Infrastructure is expensive, important and difficult to get right. For both the members of the Organisation for Economic Co-operation and Development (OECD) as well as other countries, infrastructure exposes shortcomings in country systems that may undermine our ability to identify, develop and procure good projects that are sustainable, affordable and legitimate. But there is no alternative—businesses rely on modern infrastructure to remain competitive, and society depends on good infrastructure to ensure equal opportunity and access to services for citizens.
In response to this challenge, investors, regulators, members of the public and private sectors, and decision makers from across levels of government, expertise, and regions, gathered at the 2ndOECD Forum on the Governance of Infrastructure in Paris in March to discuss the impact of infrastructure governance on productivity, jobs and wellbeing.
As financial intermediaries tracking benchmarks grow in importance around the world, the issue of which countries belong to relevant international benchmark indexes (such as the MSCI Emerging Markets) has generated significant attention in the financial world (Financial Times, 2015). The reason is that the inclusion/exclusion of countries from widely followed benchmarks has implications for the allocation of capital across countries.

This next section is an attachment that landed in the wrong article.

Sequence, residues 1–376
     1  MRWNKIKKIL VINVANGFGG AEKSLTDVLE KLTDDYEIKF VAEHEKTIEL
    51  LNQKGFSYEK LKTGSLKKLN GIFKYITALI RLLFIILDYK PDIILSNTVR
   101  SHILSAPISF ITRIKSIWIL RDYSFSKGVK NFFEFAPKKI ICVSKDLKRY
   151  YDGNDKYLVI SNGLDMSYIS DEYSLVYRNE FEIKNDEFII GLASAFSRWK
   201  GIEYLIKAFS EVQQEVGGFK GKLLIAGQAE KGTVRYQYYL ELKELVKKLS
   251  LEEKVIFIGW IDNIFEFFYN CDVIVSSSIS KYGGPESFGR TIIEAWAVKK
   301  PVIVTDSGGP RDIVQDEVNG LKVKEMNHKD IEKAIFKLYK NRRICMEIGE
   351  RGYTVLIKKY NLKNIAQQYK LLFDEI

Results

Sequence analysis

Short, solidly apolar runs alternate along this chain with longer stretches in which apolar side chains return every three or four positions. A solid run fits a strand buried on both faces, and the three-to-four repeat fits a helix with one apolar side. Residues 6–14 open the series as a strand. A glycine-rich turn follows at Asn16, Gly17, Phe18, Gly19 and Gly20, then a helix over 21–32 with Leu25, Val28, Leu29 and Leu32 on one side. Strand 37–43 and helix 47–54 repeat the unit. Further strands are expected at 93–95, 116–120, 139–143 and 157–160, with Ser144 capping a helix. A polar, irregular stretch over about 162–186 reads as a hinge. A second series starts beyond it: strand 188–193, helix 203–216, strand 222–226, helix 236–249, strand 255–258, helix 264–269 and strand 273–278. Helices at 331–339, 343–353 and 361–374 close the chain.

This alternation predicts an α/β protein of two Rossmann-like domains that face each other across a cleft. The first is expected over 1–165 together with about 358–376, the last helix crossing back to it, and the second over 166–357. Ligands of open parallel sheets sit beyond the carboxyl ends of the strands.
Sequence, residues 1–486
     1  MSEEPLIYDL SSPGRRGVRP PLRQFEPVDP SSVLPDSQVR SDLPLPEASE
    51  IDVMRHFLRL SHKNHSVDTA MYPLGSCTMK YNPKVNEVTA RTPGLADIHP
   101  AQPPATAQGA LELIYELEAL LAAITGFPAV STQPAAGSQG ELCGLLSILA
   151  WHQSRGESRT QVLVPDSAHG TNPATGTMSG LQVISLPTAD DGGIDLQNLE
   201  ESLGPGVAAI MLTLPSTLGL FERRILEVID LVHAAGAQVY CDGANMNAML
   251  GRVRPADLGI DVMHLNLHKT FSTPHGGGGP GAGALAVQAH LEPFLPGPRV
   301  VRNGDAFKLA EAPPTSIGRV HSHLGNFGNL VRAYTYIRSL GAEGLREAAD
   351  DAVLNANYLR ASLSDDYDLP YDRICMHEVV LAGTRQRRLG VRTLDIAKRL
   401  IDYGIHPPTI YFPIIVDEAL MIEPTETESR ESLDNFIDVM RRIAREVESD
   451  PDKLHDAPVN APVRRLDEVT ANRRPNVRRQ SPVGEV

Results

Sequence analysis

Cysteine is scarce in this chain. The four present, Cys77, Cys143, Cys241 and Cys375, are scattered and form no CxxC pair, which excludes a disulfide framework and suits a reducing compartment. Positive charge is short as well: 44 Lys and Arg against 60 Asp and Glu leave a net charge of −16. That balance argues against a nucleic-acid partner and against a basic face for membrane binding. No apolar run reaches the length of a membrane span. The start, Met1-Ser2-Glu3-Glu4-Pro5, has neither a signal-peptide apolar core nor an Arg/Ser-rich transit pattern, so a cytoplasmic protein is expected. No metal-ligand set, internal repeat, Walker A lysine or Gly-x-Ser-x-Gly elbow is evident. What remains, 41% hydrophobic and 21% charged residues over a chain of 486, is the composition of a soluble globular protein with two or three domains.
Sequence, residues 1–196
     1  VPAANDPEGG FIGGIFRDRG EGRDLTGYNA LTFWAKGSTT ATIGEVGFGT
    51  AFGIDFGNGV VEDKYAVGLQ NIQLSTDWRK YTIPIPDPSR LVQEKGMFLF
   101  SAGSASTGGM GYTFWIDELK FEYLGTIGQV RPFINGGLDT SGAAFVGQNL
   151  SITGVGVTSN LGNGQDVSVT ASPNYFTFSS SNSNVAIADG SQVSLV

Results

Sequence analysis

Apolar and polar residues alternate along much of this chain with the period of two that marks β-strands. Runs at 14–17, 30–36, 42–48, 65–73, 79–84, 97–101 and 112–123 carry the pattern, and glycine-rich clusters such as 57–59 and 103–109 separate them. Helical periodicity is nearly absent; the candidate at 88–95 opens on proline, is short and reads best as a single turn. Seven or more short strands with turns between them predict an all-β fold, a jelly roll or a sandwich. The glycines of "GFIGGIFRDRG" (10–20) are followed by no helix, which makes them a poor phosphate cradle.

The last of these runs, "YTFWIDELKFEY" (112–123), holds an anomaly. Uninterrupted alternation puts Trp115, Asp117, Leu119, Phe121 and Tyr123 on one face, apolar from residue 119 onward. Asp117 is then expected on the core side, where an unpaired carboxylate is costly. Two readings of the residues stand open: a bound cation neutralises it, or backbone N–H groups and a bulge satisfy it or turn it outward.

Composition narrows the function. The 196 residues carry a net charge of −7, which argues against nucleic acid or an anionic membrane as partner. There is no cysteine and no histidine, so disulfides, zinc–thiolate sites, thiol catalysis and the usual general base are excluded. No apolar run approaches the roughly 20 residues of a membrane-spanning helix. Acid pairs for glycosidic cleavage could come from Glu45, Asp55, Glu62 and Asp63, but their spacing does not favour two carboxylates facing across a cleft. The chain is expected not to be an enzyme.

As institutional investors become more passive, they follow benchmark indexes more closely. These benchmark indexes change over time, as index providers reclassify countries, implying that investment funds have to re-allocate their portfolio among the countries they target. The capital flows generated by these portfolio re-allocations are important because worldwide open-end funds that follow a few well-known stock and bond market indexes manage around 37 trillion U.S. dollars in assets (ICI, 2016).
When it comes to education and human development, the Palestinian territories have traditionally outperformed countries with similar GNI per capita as well as its neighbors in the Middle East and North Africa region (figures 1 and 2). Despite facing one of the highest unemployment rates in the world and a severe lack of employment opportunities in the private sector, until 2010, Palestinian youth continued to invest in education.
Equipped with more education than any previous generation, young Palestinians are now moving into adulthood with uncertainty about what their futures might hold amidst a protracted risk of conflict and an economy with steadily rising unemployment.